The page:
Airman wins southern Nevada nurse of the year award

  • Published
  • By Senior Airman Jake Carter
  • 99th Air Base Wing Public Affairs
In the year 2006, the United States of America was fighting terrorism in the Middle East. With gruesome images showing up daily on news reports, it reminded the American people and the world how one conflict could devastate the lives of military service members and their families.

Marisa Hester, a nurse who was one of millions who would see how bad the war on terror had become. At that moment, Hester wanted to make a difference and help the people that provided her freedom.

"I was a nurse on the outside and I wanted to come in at the time because we were still at war," Hester said. "I thought that I had a trade were I could help my fellow mankind because they are out their fighting for my freedoms, so why can't I help them."

Hester, who is now a Captain for the 99th Medical Group intensive care unit student mentoring and retention team nurse cadre has deployed twice since commissioning in the Air Force which has brought her ups and downs.

"I deployed to Iraq in 2010 and Afghanistan in 2012," Hester said. "Afghanistan was probably my most memorable. When I was deployed, I was attached to the Army. While I was there, most of the guys and girls that I saw lost their limbs. I would travel around to all of the different forward operating bases and help out wherever I would go. We had a 98 percent survival right while I was there which was great. We also had 168 patients that came through Bagram while I was deployed which was really high."

After being a bedside nurse for most of her military career, Hester wanted to change things up once she came back to Elmendorf Air Force Base before heading off the Nellis in February of 2015.

"I permanently changed stations from Elmendorf AFB and I told my chief nurse that I wanted to do something different from being a bedside nurse," Hester said. "She told me she had the perfect job for me and lone behold here I got this job and I was super ecstatic about it."

Once becoming an intensive care unit student mentoring and retention team nurse cadre, Hester will take her students to the University Medical Center in Las Vegas, Nev. to receive hands on training to prepare them for operations down range.

"My job entails that I take nurses and emergency medical technicians from other bases and Nellis, and I take them down to University Medical Center and we brush up their skills and we complete their clinical competencies," Hester said. "The students will receive two weeks of training where it will be hands on with actual patients."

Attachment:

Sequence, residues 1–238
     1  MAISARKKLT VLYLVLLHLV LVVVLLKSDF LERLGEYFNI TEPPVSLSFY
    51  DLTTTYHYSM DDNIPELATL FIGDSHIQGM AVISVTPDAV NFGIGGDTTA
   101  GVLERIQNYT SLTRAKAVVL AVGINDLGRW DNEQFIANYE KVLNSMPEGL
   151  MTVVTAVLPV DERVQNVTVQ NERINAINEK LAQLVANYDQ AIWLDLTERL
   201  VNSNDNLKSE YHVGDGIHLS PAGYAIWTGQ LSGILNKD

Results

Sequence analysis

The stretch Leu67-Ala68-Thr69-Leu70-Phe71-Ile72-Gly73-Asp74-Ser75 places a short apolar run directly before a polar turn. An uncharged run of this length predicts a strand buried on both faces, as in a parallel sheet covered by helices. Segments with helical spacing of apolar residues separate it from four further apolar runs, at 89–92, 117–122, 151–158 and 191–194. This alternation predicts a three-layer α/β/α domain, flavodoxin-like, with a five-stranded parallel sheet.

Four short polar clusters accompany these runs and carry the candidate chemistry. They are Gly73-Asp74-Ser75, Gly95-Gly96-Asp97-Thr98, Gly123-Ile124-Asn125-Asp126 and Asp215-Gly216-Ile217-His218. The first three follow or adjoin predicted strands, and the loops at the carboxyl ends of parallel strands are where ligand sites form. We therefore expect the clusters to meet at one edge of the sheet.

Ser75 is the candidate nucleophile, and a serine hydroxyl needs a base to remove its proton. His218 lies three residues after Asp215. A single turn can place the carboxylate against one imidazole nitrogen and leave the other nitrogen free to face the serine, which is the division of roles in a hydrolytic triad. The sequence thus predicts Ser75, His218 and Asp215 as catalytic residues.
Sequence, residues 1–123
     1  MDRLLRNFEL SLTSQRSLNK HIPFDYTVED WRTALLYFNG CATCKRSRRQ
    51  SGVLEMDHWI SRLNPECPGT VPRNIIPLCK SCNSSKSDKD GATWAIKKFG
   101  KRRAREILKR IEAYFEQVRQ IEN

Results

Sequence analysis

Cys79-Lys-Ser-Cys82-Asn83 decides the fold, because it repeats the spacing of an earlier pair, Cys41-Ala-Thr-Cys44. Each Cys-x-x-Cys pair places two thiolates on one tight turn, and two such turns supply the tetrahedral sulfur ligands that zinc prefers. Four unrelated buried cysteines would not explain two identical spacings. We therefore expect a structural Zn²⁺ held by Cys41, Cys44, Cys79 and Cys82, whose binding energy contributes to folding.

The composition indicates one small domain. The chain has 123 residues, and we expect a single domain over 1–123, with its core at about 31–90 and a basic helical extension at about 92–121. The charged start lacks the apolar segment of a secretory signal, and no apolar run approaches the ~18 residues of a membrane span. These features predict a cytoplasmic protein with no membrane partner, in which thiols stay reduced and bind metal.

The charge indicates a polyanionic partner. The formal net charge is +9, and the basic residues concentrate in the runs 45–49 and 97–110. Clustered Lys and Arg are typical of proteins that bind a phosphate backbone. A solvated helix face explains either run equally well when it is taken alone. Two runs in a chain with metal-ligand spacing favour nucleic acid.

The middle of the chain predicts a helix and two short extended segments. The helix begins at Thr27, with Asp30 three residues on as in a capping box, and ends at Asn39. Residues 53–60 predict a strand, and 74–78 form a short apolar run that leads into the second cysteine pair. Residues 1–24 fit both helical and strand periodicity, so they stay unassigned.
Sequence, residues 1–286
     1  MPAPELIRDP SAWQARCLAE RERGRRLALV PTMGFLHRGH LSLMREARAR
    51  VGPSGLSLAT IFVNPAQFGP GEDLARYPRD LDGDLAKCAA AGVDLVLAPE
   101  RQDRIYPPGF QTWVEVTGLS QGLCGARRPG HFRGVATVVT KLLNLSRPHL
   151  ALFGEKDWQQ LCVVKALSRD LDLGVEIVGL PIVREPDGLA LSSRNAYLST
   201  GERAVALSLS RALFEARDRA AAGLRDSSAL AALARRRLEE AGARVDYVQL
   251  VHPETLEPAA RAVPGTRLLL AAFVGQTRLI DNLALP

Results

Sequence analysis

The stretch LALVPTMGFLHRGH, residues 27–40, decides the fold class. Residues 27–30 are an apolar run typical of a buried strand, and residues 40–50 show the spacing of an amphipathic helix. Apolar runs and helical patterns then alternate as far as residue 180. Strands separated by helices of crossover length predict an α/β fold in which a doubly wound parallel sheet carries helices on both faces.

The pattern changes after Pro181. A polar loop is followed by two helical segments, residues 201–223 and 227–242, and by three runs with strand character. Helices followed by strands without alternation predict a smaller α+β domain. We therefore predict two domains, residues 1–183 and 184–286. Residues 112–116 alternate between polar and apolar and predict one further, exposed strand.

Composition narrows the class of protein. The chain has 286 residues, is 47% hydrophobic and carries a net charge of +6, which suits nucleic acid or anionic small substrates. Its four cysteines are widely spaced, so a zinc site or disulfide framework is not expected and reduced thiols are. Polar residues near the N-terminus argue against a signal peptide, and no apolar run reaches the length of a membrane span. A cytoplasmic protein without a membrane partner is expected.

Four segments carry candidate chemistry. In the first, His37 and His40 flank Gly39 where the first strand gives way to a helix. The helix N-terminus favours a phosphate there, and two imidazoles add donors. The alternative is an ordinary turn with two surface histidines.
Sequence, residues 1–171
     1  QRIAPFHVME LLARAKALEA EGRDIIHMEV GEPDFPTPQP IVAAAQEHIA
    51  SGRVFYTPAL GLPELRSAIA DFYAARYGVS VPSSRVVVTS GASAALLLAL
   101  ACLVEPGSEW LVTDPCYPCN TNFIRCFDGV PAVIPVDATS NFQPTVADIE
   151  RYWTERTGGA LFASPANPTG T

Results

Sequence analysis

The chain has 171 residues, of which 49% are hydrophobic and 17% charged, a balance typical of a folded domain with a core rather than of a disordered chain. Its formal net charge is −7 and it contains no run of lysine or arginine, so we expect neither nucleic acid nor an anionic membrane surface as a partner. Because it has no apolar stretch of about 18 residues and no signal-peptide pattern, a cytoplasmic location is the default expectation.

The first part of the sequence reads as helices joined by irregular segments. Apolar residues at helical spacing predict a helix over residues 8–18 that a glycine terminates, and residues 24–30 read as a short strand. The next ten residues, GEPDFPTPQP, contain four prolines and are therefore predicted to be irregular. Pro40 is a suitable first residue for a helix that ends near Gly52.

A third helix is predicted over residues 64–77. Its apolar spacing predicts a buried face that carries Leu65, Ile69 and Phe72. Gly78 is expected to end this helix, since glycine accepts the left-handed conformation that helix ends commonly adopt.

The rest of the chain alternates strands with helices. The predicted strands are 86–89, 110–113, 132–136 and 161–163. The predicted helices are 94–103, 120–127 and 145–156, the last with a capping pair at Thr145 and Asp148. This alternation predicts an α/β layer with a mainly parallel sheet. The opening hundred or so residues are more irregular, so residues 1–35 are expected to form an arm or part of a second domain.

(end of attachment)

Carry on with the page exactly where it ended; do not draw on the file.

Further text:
With deployments starting to taper off, students skills were starting to decline which lead Nellis to work hand in hand with the UMC.

"Probably two or three years ago, they noticed that a lot of the nurses in our medical staff, their skill sets were not where they needed to be, and in order to get those
certain type of skills, we had to do something different then simulations," Hester said. "The students are ready. If they have to deploy, they are ready. They have seen it before."

While teaching students in the nursing realm, Hester likes to take the time to individually get to know every Airman that will be a part of the program.

"We tailor our training to the individual," Hester said. "I would email the students coming into the program to find out what their strengths and weaknesses are, have you been deployed so I can find out a little bit about the individual. Then I would take what they tell me and use that to get their skills up to par. My goal is to say that you didn't feel good about this skill that when you leave, you feel comfortable doing it."

For her actions at both the UMC and the Air Force, Hester was nominated for the southern Nevada nurse of the year award.

"Someone has to nominate you, and they contacted me and I had to get the paperwork together. There are certain criteria that you have to meet, like having your certifications, you have to be in the clinical setting and if you have done any research," Hester said. "There was some steep competition because of all of the nurses that I know at the UMC and they're phenomenal."

Maj. Ann Petcavage, 99th MDG director of sustainment of trauma and resuscitation skills program, who submitted Hester's award package, also had high praise for her fellow Airman.

"She is awesome and (has) a compassionate attitude towards her fellow airman. She leads by example," Petcavage said.

After completing all of the paperwork and sending in letters of recommendation, Hester was awarded the southern Nevada nurse of the year.

"It was an honor and humbling that I received that award because there are some great nurses out there," Hester said. "For nursing, it is a big deal. For me, what I equate it to, is that civilian nurse of the year to me is like being the military nurse of the year. It's a big deal, so I was shocked."

While doing great work prior to the Air Force and while serving her country, Hester is thankful for the people who have been by her side along the way.

"I'm thankful for the people that have supported me and for those who believed in me," Hester said.